Get the Lowest Prices anywhere on Macs, iPads and Apple Watches: Apple Price Guides updated June 25th
 

 

New photo of Apple's iPhone repair and calibration machine surfaces online

An image of the special machine Apple uses to conduct back-of-store iPhone repairs surfaced online on Tuesday, with the photo showing off a few more features than previous leaks including an up-close look at screen calibration controls.

Apple's iPhone calibration machine. Click for larger.
Source: Motherboard


The picture was sent in to Motherboard after reporter Jason Koebler put a bounty out for information regarding Apple's "iPhone Calibration Machine," a specialized piece of equipment used by Geniuses and tech personnel to conduct device repairs.

AppleInsider can confirm the photo is legitimate and does depict an authorized iPhone screen repair machine, albeit an older version. Newer models are more self-contained and feature an industrial style casing to protect sensitive calibration equipment. Apple has an unknown number of variants in play at its brick-and-mortar stores, and while each machine performs the same or similar duties, their aesthetic appearance is widely varied.

The first photos of Apple's machine leaked out in 2013, shortly after the company began offering on-site iPhone 5 screen replacement services.

A former Genius told Motherboard how the machine works.

"It was a big clunky machine that honestly looked like someone built it in their backyard," the person said. "There were different 'moulds' that different iPhone models would go into before going in the machine, and it would take around 30 minutes ... there was some weird liquid that needed to be placed in the machine that we would have to wear gloves with to fix it. Lots of gas type valves and whatnot. It literally looked like some backyard home job. Not very Apple-like at all."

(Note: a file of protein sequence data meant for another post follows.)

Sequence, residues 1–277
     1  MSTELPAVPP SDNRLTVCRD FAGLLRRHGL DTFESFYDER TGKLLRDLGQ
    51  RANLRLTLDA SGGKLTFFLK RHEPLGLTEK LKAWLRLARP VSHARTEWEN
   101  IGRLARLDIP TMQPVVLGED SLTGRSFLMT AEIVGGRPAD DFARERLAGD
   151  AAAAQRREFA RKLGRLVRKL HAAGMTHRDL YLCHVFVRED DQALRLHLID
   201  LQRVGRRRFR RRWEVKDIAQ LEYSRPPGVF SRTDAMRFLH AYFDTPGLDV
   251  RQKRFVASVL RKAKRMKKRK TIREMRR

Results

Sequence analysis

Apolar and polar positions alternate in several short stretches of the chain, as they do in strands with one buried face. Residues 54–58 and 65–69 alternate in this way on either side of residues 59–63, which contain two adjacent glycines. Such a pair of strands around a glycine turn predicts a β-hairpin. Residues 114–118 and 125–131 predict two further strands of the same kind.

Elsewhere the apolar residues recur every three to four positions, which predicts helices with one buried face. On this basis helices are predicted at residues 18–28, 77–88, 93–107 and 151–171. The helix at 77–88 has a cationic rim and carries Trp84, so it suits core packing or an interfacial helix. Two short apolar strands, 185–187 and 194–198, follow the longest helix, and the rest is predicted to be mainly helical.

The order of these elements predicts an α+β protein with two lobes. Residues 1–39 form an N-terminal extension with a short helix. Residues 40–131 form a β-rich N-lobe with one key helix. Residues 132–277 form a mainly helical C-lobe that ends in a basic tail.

The square, circle, star and triangle chevrons to the left of the iPhone are used to calibrate the handset's camera, while the "gray card" and "flock paper" controls are for screen calibrations.

In addition to screen swaps and device calibration, the machine also allows technicians to replace iPhone's Touch ID home button. When connected to a Mac, the repair apparatus is able to validate a newly installed fingerprint sensor with an internal Apple server.

Third-party repair shops lack access to the special machine and are therefore unable to conduct certain screen repairs and Touch ID swaps. The latter limitation, instituted as a security measure, drew the ire of consumers and repair professionals last year.

In early 2015, a number of iPhone users reported so-called "Error 53" codes that would render their hardware unusable. Last year, it was learned that Error 53 messages are actually an iOS security measure triggered when an iPhone undergoes unauthorized Touch ID repairs. Customers later filed a class action lawsuit over the matter, but the case was quickly tossed for lack of standing.

Along with the security safeguards it provides, Apple's machine also ensures a consistent repair experience across its many stores. The process is under fire, however, as so-called "right to repair" bills threaten to force the company to make manuals, parts and presumably the specialized iPhone machine to consumers and third-party repair shops. Apple has lobbied against such state measures in the past and just last week sent a representative to argue its case in Nebraska.